“I must go down to the seas again, for the call of the running tide Is a wild call and a clear call that may not be denied;” ~ John Masefield, Sea-Fever
There is no denying how I feel about water or feel about being near it. I have always loved the water. I have always been a swimmer. The mermaid within me is a strong one, an insistent one, and wise one. She is always beckoning for me to take a dive.
There is something very deep and primal within me that is called by water. The scientist in me says that it is because my adult human body is approximately sixty percent water — even my bones are over thirty percent water! The witch in me says that it is because my body is of the water and it is a truth I can not escape (and to which I shall return). Have you ever been to the ocean or a river and just stood or sat there near the water’s edge and felt something inside of you longing to jump in, to go back from whence it came? Some of the most beautiful creation stories out there feature the sea (or water in general) as the birth place of all that is on the Earth.
Some of my fondest memories are that of being near the water: swimming in the Gulf of Mexico; swimming in Lake Tenkiller as a wee one; riding in the bed of a pick-up truck with cousins to hang out at Lake Kickapoo; feeling the cold mist off of the Atlantic Ocean for the first time; wading in Walden Pond; canoeing down the Mississippi River; keeping an eye on YMCA campers at Possum Kingdom Lake; soaking in the power of tornadoes hovering over Lake Overholser; watching my son throw his arms out wide as waves crash his tiny body in Virginia Beach, VA; the release and cleanse during any good rainstorm; collecting shells and seaweeds at Salem Willows with my son off the coast of Salem, MA; and great ganja and mangoes with actual Rastas overlooking the pink sands of Horseshoe Bay, Bermuda.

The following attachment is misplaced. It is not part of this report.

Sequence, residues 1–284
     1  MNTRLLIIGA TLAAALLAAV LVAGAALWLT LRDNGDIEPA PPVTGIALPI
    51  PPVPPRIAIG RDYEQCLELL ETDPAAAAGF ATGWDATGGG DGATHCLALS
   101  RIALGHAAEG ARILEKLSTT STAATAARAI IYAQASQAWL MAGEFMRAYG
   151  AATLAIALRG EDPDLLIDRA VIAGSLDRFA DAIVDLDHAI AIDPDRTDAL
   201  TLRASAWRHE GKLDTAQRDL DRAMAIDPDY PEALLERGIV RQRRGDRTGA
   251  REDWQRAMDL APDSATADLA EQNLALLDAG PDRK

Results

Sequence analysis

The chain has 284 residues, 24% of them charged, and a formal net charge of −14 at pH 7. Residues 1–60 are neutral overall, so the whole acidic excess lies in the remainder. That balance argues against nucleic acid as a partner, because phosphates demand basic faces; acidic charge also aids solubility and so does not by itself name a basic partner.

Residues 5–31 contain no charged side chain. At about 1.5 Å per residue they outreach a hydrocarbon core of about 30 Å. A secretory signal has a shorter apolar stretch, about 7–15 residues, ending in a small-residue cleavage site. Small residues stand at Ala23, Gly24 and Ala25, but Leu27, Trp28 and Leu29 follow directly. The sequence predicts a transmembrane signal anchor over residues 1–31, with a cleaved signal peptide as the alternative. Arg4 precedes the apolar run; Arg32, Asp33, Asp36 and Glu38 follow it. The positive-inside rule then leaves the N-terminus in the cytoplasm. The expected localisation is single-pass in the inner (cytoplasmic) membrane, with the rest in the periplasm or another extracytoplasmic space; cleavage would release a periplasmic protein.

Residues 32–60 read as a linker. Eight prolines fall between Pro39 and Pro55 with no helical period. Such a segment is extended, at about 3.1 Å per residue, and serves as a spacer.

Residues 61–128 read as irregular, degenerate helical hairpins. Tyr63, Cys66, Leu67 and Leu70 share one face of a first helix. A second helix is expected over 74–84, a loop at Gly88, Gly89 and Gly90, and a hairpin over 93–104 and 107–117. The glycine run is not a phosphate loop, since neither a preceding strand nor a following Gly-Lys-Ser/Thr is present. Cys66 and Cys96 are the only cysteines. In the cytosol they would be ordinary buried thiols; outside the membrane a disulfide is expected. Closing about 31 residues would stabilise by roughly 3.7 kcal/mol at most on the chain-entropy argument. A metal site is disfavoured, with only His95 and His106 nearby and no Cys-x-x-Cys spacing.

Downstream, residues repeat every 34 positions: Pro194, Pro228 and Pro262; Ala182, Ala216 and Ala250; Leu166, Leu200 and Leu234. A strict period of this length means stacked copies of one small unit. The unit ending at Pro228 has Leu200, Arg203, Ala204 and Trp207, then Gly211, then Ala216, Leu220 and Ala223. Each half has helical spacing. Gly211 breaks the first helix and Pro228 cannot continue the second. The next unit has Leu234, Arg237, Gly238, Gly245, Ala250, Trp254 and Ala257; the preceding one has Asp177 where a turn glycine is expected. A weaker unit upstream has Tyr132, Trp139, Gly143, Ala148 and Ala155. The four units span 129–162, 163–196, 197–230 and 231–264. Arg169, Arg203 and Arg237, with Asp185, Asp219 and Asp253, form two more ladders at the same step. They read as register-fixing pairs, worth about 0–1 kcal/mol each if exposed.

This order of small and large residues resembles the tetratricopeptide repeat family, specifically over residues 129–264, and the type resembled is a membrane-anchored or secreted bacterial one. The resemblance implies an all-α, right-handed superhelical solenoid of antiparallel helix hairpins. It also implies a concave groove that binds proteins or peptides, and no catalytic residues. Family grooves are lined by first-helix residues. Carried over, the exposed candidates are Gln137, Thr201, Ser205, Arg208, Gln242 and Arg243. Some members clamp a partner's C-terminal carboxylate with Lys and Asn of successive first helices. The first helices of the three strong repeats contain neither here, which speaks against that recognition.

I can conjure up the smells, sights, and sounds of all of those and more without any effort. This is an important skill whenever I find myself land-locked and wanting to work some magic. Thankfully, living in Pittsburgh allows me easy access to three rivers (and a fourth one) whenever I need to “talk to the water.”
Water, like fire, is also a great cleansing and purifying element. Our bodies, homes, and magical tools can be cleaned and purified by water. We can draw down the energy of the moon or capture our intentions in the molecules of water for later use in rituals. Water is also a persistent element. What it can not go through, it will find a way around, softening the edges as it does. When needing to overcome a stubborn obstacle, I always call on the persistence of water to guide me through, under, over, and around whatever it is that stands in my way.
With the water comes the weather, which is another alluring mystery. Being able to predict the weather has been an asset to humans since the beginning. Some of us are innately more attuned to the rhythms and the wiles of wispy clouds than others, even those with Meteorology degrees. It comes from listening to and answering that pull inside of us, that pull towards the water. Sensing the change in the electricity in the air, the smell of the dirt, the caress of the wind, and the silvering of the maple leaf. Never losing sight of the horizon. My Craft is knowing how to use these things to my advantage to harness the power that Mother Nature is freely giving. Accurate weather prediction and a fair amount of illusion is what most water-magic is dependent on. It also helps when trying to amuse gullible neighbours, small children, and passersby.
While water is a source of creation and a life sustainer, it is also a destructive force. Be sure that nothing can stand in the way of a wrathful wave and the rip tides have reclaimed many lives of those not ready to return to the sea. Speak with anyone who has ever lived through a hurricane and you are speaking with someone who has learned to respect water and its destructive nature.
When we return to the Earth, the rain washes us back out to the sea. I know that when I am done with this life and ready to adventure onto the next; water will be my transitional vehicle. Whether my ashes are strewn into the waves or mixed with concrete to form artificial reefs (in an effort to rebuild a damaged coral reef), I will again return from whence I came. Back to the Great Deep.
We must be still and still moving Into another intensity For a further union, a deeper communion Through the dark cold and the empty desolation, The wave cry, the wind cry, the vast waters Of the petrel and the porpoise. In the end is my beginning. ~ T.S. Elliot, East Coker II
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